Type::Tiny - tiny, yet Moo(se)-compatible type constraint


   use Scalar::Util qw(looks_like_number);
   use Type::Tiny;
   my $NUM = "Type::Tiny"->new(
      name       => "Number",
      constraint => sub { looks_like_number($_) },
      message    => sub { "$_ ain't a number" },
   package Ermintrude {
      use Moo;
      has favourite_number => (is => "ro", isa => $NUM);
   package Bullwinkle {
      use Moose;
      has favourite_number => (is => "ro", isa => $NUM);
   package Maisy {
      use Mouse;
      has favourite_number => (is => "ro", isa => $NUM);


This module is covered by the Type-Tiny stability policy.


Type::Tiny is a tiny class for creating Moose-like type constraint objects which are compatible with Moo, Moose and Mouse.

Maybe now we won't need to have separate MooseX, MouseX and MooX versions of everything? We can but hope...

This documents the internals of Type::Tiny. Type::Tiny::Manual is a better starting place if you're new.



Moose-style constructor function.


Attributes are named values that may be passed to the constructor. For each attribute, there is a corresponding reader method. For example:

   my $type = Type::Tiny->new( name => "Foo" );
   print $type->name, "\n";   # says "Foo"

Important attributes

These are the attributes you are likely to be most interested in providing when creating your own type constraints, and most interested in reading when dealing with type constraint objects.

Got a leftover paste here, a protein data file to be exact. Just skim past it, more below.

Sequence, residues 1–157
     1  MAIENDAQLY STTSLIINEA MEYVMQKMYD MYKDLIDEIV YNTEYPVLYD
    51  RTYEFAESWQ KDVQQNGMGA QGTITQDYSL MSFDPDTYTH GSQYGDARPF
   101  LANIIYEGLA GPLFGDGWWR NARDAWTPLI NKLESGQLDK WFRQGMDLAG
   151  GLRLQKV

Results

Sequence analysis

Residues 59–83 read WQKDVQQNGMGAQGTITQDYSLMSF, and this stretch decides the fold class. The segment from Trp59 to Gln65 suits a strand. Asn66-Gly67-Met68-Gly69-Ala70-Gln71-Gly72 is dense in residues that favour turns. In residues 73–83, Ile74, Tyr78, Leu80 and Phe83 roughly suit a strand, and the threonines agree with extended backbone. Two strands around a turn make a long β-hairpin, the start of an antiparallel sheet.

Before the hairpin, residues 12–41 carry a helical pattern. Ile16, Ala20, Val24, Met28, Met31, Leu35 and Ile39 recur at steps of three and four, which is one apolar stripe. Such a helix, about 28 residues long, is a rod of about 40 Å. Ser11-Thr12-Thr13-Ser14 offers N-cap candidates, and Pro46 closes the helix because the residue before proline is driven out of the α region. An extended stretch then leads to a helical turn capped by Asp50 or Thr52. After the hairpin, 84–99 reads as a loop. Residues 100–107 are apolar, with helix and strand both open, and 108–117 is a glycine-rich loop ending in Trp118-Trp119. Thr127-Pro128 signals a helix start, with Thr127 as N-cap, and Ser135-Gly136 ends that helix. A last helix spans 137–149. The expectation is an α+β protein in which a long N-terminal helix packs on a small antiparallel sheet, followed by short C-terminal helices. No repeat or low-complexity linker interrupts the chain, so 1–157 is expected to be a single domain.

Coderef to validate a value ($_) against the type constraint. The coderef will not be called unless the value is known to pass any parent type constraint (see parent below).

Defaults to sub { 1 } - i.e. a coderef that passes all values.


Optional attribute; parent type constraint. For example, an "Integer" type constraint might have a parent "Number".

If provided, must be a Type::Tiny object.


A coderef which returns a string of Perl code suitable for inlining this type. Optional.

If constraint (above) is a coderef generated via Sub::Quote, then Type::Tiny may be able to automatically generate inlined for you.


The name of the type constraint. These need to conform to certain naming rules (they must begin with an uppercase letter and continue using only letters, digits 0-9 and underscores).

Optional; if not supplied will be an anonymous type constraint.


A name to display for the type constraint when stringified. These don't have to conform to any naming rules. Optional; a default name will be calculated from the name.


The package name of the type library this type is associated with. Optional. Informational only: setting this attribute does not install the type into the package.


Coderef that returns an error message when $_ does not validate against the type constraint. Optional (there's a vaguely sensible default.)


A Type::Coercion object associated with this type.

Generally speaking this attribute should not be passed to the constructor; you should rely on the default lazily-built coercion object.

You may pass coercion => 1 to the constructor to inherit coercions from the constraint's parent. (This requires the parent constraint to have a coercion.)


Experimenal hashref of additional methods that can be called on the type constraint object.

The following additional attributes are used for parameterizable (e.g. ArrayRef) and parameterized (e.g. ArrayRef[Int]) type constraints. Unlike Moose, these aren't handled by separate subclasses.


Coderef that generates a new constraint coderef based on parameters. Alternatively, the constraint generator can return a fully-formed Type::Tiny object, in which case the name_generator, inline_generator, and coercion_generator attributes documented below are ignored.